Local boxer brawls for the big leagues

Shea Heights fighter steps into the the college ring.

For young Seamus O’Brien, his hard work is starting to pay off. The local boxer is making name for himself on the mainland. Supplied photo

Josh Hodder

In the world of boxing, one young local is trying to punch his ticket to stardom.

Seamus O’Brien is a boxer who was raised in Shea Heights, a working-class neighbourhood on St. John’s southside. The 19-year-old fights at the heavyweight level in the National Collegiate Boxing Association. For O’Brien, his love of boxing started at a very young age.

“I was first introduced to boxing by my father, and my uncle was a pro,” said O’Brien. “Everyone in my family just loved combat sports and it brushed off on me. I ended up starting myself when I was 11 years old and I’ve loved it ever since.”

O’Brien started his training at the TRC Boxing Club in Torbay. The club is named after the Torbay Recreation Centre where the fighters train. In his early years, O’Brien found himself under the tutelage of national and provincial boxing hall of fame member Hank Summers.

“Back in those days, you could tell he had ability and could be a great boxer if he wanted to stick with it,” said Summers. “He was a little bigger than most of the kids and he’s grown into a sizeable young lad. Now he’s training with people in his size and weight class. A good learning experience for sure.”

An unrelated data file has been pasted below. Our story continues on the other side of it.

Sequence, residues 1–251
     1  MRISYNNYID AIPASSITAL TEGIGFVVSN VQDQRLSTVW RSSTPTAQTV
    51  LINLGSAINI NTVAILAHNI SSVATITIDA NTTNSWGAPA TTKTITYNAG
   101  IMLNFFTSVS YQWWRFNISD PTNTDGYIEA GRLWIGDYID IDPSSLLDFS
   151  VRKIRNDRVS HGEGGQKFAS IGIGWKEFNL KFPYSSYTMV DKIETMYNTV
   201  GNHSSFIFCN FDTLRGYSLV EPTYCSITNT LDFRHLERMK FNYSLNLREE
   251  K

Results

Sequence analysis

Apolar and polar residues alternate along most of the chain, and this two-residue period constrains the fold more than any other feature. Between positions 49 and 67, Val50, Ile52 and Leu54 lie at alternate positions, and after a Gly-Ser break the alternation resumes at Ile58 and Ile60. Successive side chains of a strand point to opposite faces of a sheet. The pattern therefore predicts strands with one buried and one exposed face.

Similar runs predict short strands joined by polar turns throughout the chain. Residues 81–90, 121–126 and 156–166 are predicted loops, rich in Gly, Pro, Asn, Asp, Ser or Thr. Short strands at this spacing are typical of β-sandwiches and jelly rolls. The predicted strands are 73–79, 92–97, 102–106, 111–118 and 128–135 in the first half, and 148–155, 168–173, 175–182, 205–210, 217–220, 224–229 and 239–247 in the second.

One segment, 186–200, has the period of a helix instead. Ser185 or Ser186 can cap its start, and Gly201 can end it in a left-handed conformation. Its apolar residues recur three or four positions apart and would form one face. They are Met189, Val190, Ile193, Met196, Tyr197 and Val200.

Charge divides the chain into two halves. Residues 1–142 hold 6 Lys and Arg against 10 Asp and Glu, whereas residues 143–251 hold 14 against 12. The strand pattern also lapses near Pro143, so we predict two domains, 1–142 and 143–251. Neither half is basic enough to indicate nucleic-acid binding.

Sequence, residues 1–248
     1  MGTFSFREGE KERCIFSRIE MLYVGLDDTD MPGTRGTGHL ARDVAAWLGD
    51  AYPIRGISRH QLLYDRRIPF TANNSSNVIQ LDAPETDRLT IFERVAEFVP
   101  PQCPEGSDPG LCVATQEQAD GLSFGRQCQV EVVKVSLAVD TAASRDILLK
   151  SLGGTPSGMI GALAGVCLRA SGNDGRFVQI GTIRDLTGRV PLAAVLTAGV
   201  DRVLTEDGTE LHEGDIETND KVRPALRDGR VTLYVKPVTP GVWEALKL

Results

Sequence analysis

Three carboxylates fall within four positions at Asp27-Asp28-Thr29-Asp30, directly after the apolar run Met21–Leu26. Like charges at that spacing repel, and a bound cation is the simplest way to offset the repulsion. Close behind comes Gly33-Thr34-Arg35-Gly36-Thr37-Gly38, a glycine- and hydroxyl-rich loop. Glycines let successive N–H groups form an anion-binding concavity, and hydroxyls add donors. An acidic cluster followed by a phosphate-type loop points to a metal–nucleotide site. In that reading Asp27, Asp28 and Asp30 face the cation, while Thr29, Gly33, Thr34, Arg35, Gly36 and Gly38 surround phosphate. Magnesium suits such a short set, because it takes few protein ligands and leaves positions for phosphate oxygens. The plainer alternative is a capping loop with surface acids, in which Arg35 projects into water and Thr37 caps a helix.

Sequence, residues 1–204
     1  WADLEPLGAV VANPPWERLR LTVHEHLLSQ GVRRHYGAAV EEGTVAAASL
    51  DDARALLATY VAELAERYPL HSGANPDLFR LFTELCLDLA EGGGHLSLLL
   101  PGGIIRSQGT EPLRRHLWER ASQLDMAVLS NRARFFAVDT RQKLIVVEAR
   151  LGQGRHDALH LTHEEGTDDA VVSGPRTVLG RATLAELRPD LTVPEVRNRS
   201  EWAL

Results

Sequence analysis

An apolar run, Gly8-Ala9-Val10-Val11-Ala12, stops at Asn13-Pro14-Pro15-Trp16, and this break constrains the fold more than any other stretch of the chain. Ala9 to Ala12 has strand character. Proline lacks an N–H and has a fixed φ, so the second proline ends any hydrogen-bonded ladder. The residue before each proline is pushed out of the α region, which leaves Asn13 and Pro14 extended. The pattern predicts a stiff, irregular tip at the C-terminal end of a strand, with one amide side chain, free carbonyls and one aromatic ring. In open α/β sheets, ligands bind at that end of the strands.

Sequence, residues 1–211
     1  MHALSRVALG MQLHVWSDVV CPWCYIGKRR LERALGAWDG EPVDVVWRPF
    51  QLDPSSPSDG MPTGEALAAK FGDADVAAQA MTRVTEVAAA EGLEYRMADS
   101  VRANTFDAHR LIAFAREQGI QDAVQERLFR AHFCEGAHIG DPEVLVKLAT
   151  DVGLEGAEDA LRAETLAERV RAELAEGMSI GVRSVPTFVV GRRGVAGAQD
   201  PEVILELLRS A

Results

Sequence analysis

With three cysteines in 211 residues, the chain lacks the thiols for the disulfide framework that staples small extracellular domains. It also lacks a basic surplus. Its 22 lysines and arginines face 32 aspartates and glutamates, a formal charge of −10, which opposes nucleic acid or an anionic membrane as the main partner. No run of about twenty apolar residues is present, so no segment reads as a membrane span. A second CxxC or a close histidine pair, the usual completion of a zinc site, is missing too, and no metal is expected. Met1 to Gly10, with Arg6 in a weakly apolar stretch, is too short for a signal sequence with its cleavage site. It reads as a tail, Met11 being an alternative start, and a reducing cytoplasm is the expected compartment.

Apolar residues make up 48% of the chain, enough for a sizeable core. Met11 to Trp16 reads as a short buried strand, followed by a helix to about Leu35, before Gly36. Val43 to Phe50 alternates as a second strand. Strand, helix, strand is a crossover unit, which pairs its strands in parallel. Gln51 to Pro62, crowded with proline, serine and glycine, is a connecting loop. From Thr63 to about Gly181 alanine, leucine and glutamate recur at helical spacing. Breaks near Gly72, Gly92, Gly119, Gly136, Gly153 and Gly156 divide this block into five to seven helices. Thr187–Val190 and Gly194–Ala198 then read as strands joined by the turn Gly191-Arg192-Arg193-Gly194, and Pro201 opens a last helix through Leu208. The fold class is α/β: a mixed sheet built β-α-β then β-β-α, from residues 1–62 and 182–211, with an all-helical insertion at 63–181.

Everything changed for O’Brien when he came across Crandall University in Moncton, N.B.

“They offered 75 per cent tuition and they had boxing as a varsity sport,” O’Brien said. “I ended up getting in contact with Jon Ohlhauser, the head coach. He asked me for clips from my previous fights and liked what he saw.”

He was eventually offered a full scholarship.

Since then, O’Brien has been fighting in the heavyweight division at 91 kilograms. He and his Crandall teammates travel across North America competing.

“We fight under NCBA, which is considered division one,” said O’Brien. “With Crandall being the only varsity boxing team in Canada, we usually travel to the states and all across Canada. We were just down in New York.”

It was in New York where O’Brien picked up his most recent victory.

“I ended up fighting a guy from Westpoint Academy,” said O’Brien. “I won by unanimous decision. I fought there last week and that was my latest win.”

Not every day calls for a celebration. O’Brien faces his own challenges in the world of boxing.

“One of the biggest challenges for me has been the weight cutting,” O’Brien said. “If you don’t make your specific weight, you can’t fight. With every fight I go to, I must be on weight. It takes a lot of discipline.”

O’Brien has big dreams of taking his boxing career to the next level.

“My goal as a fighter is to make the Canadian national team,” said O’Brien. “I’m hoping the scholarship will help me obtain the skills to compete at the national qualifier. After that, the Olympics. I’d love to compete in Paris.”

Those Games happen in 2024.

With each bout, his dreams move closer to becoming a reality. In October, he’ll take to the ring to represent Canada and Crandall University at the International Sports Federation World Boxing Championship in Russia.

“I’ve been chosen to go represent in the 81 kilogram weight class in Russia,” O’Brien said.

Summers still follows his former pupil.

“You’ve got to be able to get in the ring and face all kinds of adversity, and he does that,” Summers said. “I think this scholarship is really going to turn things around for him.”

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